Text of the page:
Osteoprogenitor recruitment and differentiation during intracortical bone remodeling of adolescent humans

Pernille van Dijk Christiansen, Christina Møller Andreasen, Bilal Mohamad El-Masri, Kaja Søndergaard Laursen, Jean-Marie Delaisse, Thomas Levin Andersen

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BACKGROUND: Recruitment and proliferation of osteoprogenitors during the reversal-resorption phase, and their differentiation into mature bone-forming osteoblasts is crucial for initiation of bone formation during bone remodeling. This study investigates the osteoprogenitors' gradual recruitment, proliferation, and differentiation into bone-forming osteoblasts within intracortical remodeling events of healthy adolescent humans.

METHODS: The study was conducted on cortical bone specimens from 11 adolescent human controls - patients undergoing surgery due to coxa valga. The osteoprogenitor recruitment route and differentiation into osteoblasts were backtracked using immunostainings and in situ hybridizations with osteoblastic markers (CD271/NGFR, osterix/SP7, COL3A1 and COL1A1). The osteoblastic cell populations were defined based on the pore surfaces, and their proliferation index (Ki67), density and number/circumference were estimated in multiplex-immunofluorescence (Ki67, TRAcP, CD34) stained sections.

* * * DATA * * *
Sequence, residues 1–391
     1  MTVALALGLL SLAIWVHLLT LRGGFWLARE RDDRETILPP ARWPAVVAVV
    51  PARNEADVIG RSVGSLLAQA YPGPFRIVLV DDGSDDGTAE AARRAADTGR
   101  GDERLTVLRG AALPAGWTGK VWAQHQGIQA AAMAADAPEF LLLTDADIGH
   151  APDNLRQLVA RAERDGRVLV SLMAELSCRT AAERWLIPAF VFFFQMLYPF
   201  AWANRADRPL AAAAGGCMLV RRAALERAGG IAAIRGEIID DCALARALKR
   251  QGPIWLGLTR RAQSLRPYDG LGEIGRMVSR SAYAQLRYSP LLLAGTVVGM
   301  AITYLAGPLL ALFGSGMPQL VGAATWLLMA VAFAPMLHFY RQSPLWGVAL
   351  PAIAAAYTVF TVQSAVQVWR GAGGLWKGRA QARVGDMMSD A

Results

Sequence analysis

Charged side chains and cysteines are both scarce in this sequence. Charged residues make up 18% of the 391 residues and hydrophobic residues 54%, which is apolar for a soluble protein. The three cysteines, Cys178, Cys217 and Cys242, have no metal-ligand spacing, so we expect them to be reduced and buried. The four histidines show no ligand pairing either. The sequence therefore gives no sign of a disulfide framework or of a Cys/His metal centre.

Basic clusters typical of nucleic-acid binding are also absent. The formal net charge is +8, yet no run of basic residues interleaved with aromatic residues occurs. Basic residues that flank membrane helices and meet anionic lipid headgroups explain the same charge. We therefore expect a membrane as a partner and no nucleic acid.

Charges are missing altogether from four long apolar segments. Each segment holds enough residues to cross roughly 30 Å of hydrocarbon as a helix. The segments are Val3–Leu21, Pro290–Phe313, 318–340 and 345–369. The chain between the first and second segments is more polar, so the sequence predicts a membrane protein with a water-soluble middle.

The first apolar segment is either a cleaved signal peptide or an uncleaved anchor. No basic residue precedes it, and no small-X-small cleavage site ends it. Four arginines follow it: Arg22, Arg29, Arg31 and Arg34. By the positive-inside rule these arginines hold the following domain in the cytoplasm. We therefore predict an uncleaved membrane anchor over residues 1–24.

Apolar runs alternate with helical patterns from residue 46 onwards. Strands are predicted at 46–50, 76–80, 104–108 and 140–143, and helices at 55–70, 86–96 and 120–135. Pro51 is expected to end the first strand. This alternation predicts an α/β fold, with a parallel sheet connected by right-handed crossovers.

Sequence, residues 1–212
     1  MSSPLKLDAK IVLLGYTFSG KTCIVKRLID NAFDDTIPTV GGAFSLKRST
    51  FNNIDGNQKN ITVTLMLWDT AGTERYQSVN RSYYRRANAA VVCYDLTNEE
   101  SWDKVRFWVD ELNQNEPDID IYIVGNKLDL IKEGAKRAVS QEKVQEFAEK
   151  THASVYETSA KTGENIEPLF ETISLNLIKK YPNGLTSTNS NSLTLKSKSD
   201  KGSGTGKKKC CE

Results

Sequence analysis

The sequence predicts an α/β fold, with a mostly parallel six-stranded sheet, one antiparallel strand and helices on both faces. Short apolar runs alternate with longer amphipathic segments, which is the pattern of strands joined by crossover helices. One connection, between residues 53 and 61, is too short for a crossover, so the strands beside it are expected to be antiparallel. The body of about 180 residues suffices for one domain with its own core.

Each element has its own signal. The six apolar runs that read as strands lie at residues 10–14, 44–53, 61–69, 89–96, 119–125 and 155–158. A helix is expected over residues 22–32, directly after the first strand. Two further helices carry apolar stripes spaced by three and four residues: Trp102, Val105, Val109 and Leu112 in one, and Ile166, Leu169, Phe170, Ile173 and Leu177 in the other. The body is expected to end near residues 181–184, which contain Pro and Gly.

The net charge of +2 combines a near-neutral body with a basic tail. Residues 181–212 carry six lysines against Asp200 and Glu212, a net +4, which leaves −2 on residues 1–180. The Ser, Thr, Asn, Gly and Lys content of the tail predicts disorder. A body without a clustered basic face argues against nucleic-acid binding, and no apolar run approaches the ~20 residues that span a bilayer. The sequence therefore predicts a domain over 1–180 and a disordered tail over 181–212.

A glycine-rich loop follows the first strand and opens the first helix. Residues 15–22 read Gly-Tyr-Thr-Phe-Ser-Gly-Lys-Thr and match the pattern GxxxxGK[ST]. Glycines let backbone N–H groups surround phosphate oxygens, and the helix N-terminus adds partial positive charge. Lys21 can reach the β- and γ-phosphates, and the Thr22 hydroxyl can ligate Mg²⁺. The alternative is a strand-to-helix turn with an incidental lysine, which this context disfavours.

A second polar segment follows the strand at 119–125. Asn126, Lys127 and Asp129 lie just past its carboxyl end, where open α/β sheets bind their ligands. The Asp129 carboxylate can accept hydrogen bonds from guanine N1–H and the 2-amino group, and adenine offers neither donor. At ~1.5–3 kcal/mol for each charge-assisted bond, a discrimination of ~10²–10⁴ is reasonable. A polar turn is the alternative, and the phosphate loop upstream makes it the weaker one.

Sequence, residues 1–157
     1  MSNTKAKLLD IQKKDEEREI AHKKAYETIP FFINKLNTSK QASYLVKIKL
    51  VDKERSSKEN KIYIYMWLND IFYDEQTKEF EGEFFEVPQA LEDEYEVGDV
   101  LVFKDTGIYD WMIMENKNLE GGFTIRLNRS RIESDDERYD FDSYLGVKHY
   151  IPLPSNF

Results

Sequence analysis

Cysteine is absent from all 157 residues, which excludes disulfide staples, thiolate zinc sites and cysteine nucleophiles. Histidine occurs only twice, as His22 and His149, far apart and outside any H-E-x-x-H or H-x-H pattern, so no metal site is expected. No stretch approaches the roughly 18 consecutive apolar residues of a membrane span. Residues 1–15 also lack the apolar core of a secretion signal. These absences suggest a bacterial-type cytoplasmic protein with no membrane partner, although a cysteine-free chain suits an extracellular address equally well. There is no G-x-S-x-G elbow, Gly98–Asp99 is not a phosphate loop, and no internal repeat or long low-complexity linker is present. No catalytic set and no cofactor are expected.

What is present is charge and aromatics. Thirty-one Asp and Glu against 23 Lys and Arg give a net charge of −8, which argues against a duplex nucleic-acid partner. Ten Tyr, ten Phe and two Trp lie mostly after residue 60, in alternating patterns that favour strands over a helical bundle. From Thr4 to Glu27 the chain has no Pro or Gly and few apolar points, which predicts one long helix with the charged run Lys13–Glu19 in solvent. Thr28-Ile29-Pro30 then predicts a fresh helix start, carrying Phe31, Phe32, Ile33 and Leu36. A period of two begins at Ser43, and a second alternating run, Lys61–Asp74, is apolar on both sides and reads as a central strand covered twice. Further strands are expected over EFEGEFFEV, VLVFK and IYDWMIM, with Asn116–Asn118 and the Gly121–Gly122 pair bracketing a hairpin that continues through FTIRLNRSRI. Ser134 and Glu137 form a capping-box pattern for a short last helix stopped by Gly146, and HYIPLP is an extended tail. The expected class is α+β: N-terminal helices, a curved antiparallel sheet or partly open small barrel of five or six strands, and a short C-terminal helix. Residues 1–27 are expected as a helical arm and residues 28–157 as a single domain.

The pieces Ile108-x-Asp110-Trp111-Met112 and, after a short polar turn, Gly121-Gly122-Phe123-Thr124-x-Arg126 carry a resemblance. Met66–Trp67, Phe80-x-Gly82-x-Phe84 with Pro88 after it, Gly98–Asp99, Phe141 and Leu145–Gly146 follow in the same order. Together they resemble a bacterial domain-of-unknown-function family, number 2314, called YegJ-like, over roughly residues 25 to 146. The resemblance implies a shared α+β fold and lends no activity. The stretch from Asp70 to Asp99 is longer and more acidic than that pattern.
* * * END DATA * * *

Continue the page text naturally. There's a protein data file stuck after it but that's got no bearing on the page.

RESULTS: During the reversal-resorption phase, osteoclasts are intermixed with (COL3A1+NFGR+) osteoblastic reversal cells, which are considered to be osteoprogenitors of (COL1A1+SP7+) bone-forming osteoblasts. Initiation of bone formation requires a critical density of these osteoprogenitors (43 ± 9 cells/mm), which is reached though proliferation (4.4 ± 0.5 % proliferative) and even more so through recruitment of osteoprogenitors, but challenged by the ongoing expansion of the canal circumference. These osteoprogenitors most likely originate from osteoblastic bone lining cells and mainly lumen osteoprogenitors, which expand their population though proliferation (4.6 ± 0.3 %) and vascular recruitment. These lumen osteoprogenitors resemble canopy cells above trabecular remodeling sites, and like canopy cells they extend above bone-forming osteoblasts where they may rejuvenate the osteoblast population during bone formation.

CONCLUSION: Initiation of bone formation during intracortical remodeling requires a critical density of osteoprogenitors on eroded surfaces, which is reached though proliferation and recruitment of local osteoprogenitors: bone lining cells and lumen osteoprogenitors.

StatusUdgivet - dec. 2023


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